The blighted season

Posted on | August 25, 2009 | 18 Comments

I’m so sad. My entire 40-plant bed of paste tomatoes has early blight. My schedule has been so nuts over the last week since I discovered the first signs, and I haven’t had a moment to pull plants and dispose of them. My apologies to the neighbors if it’s traveling from mine to yours on the wind. I stopped my truck on the way out of the driveway yesterday morning to survey the damage and it’s bad, but the vines are FULL of giant fruit. I must be in denial because I keep thinking, oh maybe it’s just going to effect the leaves. Silly me.

I didn’t realize blight had made it this far west. I thought I was safe because I started my tomatoes from organic seed and organic soil in my basement instead of buying plants from a big box store. I was wrong.

I know this is just one of those things that happens and it’s been a ridiculously wet summer, which makes blight thrive, but every day I read another gardener’s account of bagging up their tomato and potato plants and forfeiting their gleaming jars of sauce and salsa and it feels like the plague has hit. I suppose early blight is a sort of plant black plague. I’m going to skip photos, it’s too depressing.

I’m wondering if my new lasagna bed made the plants more susceptible to the blight, and it’s time to find out if there’s anything I can do to safely treat my soil so it doesn’t recur next year. I noticed a bunch of yellowed and browned leaves in the Matt’s Wild Cherry and Cosmonaut Volkovs last night, so it’s just a matter of time before my entire tomato crop is wasted. I should probably pull my potatoes immediately, too.

Oh, this gardening year has been the worst ever and I’m pitching a little fit in my heart. Can you feel me stomping my feet? I started off with such high hopes! Most of my beds were prepared for spring planting in the fall and I got so much in the ground early. Then I went away and the ground hogs and rabbits moved in. Now blight, which means I lost eighty percent of my summer crops. Sigh.

I guess it’s a good lesson in attachment. I’ve come to identify myself so strongly with my gardens and things are percolating under the surface of the community that is leading me towards work in gardening. I’m a little bit worried that this season just proves I haven’t got what it takes. But only a little bit worried. I can shoot out the other side of that black tunnel of fear into the stupid blinding light of my list of things to do to prevent the same scene next year. Buried fences. Soil amendments. Crop rotation. You just move forward or you stop, right?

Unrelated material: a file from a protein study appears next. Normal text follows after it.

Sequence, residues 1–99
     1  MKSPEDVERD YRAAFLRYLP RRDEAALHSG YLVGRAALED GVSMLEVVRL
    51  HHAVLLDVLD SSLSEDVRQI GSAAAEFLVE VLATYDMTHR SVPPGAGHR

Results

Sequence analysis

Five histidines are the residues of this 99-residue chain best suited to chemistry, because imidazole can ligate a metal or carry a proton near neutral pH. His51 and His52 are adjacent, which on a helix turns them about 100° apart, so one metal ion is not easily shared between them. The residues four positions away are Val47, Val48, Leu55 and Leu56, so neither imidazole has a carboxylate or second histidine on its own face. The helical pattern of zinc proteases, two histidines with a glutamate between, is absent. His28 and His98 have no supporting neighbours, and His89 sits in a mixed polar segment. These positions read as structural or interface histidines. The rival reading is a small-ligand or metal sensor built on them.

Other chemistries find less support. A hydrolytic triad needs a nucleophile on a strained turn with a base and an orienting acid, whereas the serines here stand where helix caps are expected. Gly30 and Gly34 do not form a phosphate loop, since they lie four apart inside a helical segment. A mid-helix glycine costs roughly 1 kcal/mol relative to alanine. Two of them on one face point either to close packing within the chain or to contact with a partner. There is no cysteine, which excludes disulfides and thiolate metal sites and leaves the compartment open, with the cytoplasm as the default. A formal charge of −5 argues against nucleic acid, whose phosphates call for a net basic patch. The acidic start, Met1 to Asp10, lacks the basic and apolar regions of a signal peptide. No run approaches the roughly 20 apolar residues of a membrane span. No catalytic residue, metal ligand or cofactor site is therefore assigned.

I’m not going to give detailed voice to how much I want to stop at this moment. Amen for the winter. In past years I’ve said that — meaning how nice it is to give my body a rest. Gardening at this scale is a lot of physical work. But now? Now I’m simply hopeful that winter will heal my blighted heart and bring me back to the place of loving my garden again. At the moment, I’m thinking a bulldozer might be the answer. Double sigh.

I feel so bad for the farmers that are losing their cash crops. I’m just missing out on a freezer full of marinara and a pantry self of salsa. I can still go buy tomatoes from a u-pick (as long as they don’t also have blight). Yes, I was counting on my crops for winter. Losing 280 foot row of shelling beans when the beans were *just* about ready for the first picking, to the furry little f*ckers has put me in a space of no mercy. But I can buy beans. They won’t taste as good and I’ll spend money I don’t want to spend, but I have the option.

I don’t know, you guys. Something about this season feels like an alarm sounding. Guess I’d better make my list and get to work.

Comments

18 Responses to “The blighted season”

  1. Toni